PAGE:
* For a recap & review of Episode 4, click here.
Pic 1At the station, Robin (Elisabeth Moss) gets called in about a supposed confession concerning China girl. A man named Toni (Damon Herriman) has turned himself in, telling the cops about being in a brothel encountering some trouble with one of the girls. Wound up in the backseat of his car with her. Says she stabbed him, so he started choking her. Then she’s dead. Only issue is his story, he doesn’t mention putting her in a suitcase. His confession’s bullshit, a waste of time.
Not the only waste. She’s got male colleagues wanting to bang, even though she barely has time for some of them on a working level. At home in her building, she hears Constable Miranda Hilmarson (Gwendoline Christie) across the hall getting it on. Everywhere around her it’s all about sexuality, one way or another. While Robin just wants to do her job. Seems like the one over at Miranda’s place was actually Adrian (Clayton Jacobson). Good lord! They’re “an item.”
So now Robin is trying to figure out the whole surrogate angle of Cinnamon’s death. Too young to be a legal surrogate, which means this is something darker, more devious. Robin wants to find people “neurotically fixated” on having a child or their own, who’ve failed at IVF (in vitro fertilisation). One doctor mentions the risk with illegal surrogacy, in Sydney, Australia is dangerous; the law lays down that if a surrogate changes her mind, she can then keep the child. That could drive someone to murder, no? I wonder if somehow Julia (Nicole Kidman) and Pyke Edwards (Ewen Leslie) play into this? Or is that too dark and devious?
Pic 1ASpeaking of the Ewards’, sans-Mary (Alice Englert) and along with Julia’s new girlfriend, they’re out at dinner to eat with Puss (David Dencik). They want to figure him out. Dad says if he finds out anything untoward, they’ll expose him. The pimp is a weird man. The entire dinner’s confrontational, especially once Pyke and Julia fully realise this guy is full of shit. They’ve found out bits of his past, that he’s “a bigamist” and he has a wife from long ago, still married.
When Mary turns up afterwards she isn’t happy with her parents, choosing to ignore the truth of her soon-to-be husband. She doesn’t take much stock in what any of them say, as they’re all married while moving on, too. Christ. Poor Mar’s hypnotised, like a worshipper under the leader of a cult. Willing to die if rejected by the pimp. Casting off her adoptive family.
Puss is in a dark mood. All the women at Silk 41 try soothing him, as does Mary. He won’t eat, he won’t talk or come out of his room. Then Mary gets a call from her birth mother. Robin wants to meet up, having heard from Pyke. Wanting to help the girl. They go out for a bit of food together, eating burgers on the floor of Robin’s apartment and slowly getting to know one another. It’s tragic to watch Mary slip into a dangerous life with Puss, it’s even harder to see the mom who had to give her away watch her daughter feel torn in so many directions by life.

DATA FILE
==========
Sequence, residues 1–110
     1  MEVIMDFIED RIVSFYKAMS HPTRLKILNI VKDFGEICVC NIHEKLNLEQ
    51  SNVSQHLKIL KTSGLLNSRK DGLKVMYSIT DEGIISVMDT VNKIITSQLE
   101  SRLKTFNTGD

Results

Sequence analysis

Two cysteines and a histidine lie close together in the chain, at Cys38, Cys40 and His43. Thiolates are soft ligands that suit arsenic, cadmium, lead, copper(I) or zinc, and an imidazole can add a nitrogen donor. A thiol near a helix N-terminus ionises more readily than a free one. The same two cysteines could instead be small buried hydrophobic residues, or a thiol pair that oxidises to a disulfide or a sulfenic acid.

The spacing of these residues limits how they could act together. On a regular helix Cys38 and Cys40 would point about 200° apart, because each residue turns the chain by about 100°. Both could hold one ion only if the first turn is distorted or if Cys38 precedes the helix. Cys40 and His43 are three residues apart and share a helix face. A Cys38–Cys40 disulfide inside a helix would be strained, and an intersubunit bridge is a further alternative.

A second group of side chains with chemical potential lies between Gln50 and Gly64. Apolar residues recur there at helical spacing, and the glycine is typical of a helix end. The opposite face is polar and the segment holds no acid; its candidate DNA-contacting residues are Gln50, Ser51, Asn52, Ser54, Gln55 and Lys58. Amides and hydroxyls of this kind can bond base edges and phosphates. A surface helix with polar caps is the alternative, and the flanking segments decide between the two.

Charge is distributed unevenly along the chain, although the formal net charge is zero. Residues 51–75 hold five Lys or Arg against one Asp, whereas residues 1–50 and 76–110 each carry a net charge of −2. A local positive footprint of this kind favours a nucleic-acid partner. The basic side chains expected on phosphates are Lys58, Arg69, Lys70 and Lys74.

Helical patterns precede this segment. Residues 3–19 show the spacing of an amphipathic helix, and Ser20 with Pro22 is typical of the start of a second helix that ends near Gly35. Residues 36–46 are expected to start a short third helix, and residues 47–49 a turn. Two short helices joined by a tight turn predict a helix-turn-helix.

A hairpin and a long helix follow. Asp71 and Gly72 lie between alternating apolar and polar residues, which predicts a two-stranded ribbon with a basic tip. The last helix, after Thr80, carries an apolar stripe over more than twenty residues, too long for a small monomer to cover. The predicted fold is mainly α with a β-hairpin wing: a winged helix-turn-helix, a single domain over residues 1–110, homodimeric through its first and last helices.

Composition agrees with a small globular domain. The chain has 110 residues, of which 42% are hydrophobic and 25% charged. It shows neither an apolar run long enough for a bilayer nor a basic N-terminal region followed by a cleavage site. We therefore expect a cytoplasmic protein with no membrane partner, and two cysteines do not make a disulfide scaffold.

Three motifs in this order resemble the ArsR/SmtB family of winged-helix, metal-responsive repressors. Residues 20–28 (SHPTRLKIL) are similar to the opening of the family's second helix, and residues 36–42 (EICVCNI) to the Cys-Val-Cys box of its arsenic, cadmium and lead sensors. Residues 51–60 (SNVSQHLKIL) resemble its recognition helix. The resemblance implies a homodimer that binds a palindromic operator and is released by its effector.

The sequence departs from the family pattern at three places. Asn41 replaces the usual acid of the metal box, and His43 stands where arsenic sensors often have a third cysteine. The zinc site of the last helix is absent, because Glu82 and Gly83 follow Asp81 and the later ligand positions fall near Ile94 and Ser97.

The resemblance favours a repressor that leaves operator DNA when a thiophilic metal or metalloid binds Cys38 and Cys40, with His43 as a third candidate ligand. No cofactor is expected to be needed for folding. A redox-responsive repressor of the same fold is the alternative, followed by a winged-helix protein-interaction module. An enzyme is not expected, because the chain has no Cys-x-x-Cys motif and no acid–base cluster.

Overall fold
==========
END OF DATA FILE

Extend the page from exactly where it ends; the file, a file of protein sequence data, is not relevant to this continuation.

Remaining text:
In a dark set of hallways a woman wanders toward a crying baby. She finds it on the floor, tiny, frail. It collapses in her hands like a balloon. Then in the streets, a woman stumbles around in a nightgown, crying about her missing child and unable to remember anything. Terrifying, chilling moment. Turns out, she doesn’t have a baby, she wasn’t pregnant. She wandered off from a psych ward.
Pic 2Robin goes to see the woman, Felicity. The woman’s domineered by her husband Mike, answering personal questions for her instead of letting her answer them herself. She keeps saying “its lost” and that someone won’t return her calls, so on. The husband reveals they’ve got a “guest mother,” and she’s nowhere to be found: our poor China girl, Cinnamon.
The husband’s no angel. He’s got a bit of a record. Now they’ve all got to provide DNA, Felicity and Mike, as well. It’s clear their marriage has been torn to bits over her inability to conceive. But enough to murder if Cinnamon wanted to keep the child? Perhaps, though can’t be sure. Yet.
A familiar face returns – Al Parker (David Wenham). He’s now in a wheelchair permanently. He deserves worse. His civil suit is making Robin’s life hell, particularly in a profession where the misogyny runs rampant, and any shred of doubt on the part of male cops towards her is like a goddamn crucifixion.
Today, Robin comes face to face with Al. Before their official meeting, the man finds her alone. They talk, he acts like a nosy weirdo. Then he whips off his belt, as if to try assaulting her again. But it’s to try strangling her to death. The only thing she can do is start a fire with her lighter. People come to the rescue, though she nearly kills Al before they do. What a fucking mess.
Pic 3Wow! This was a wild ride of an episode. Fits right in, even if some may find it out of place. I wish she’d have killed the man, the nasty pervert. Excited for whatever comes next, it’s sure to be exciting.

Top of the Lake – China Girl: Episode 2

BBC Two’s Top of the Lake
China Girl: Episode 2
Directed by Ariel Kleiman
Written by Jane Campion & Gerard Lee

* For a recap & review of Episode 1, click here.
* For a recap & review of Episode 3, click here.
Pic 1Flashback to the day Robin Griffin (Elisabeth Moss) is meant to be married. That very day Johnno is arrested by the police. So they have the ceremony through the bars of his cell. Problem is Johnno was out having a bit of fun with a young blonde in the woods when he was picked up. His bride-to-be knows it, too. So the rumours of her walking away on her wedding day aren’t entirely true as others now see it. She walked away. Because of him and his untrustworthy cock, his unfaithful mind. Heartbreaking, considering all they went through up to that point. But not entirely unforeseen. Don’t forget, he let horrible things happen to her when they were young, in love. She took him back after all that, yet he was willing to throw it all away.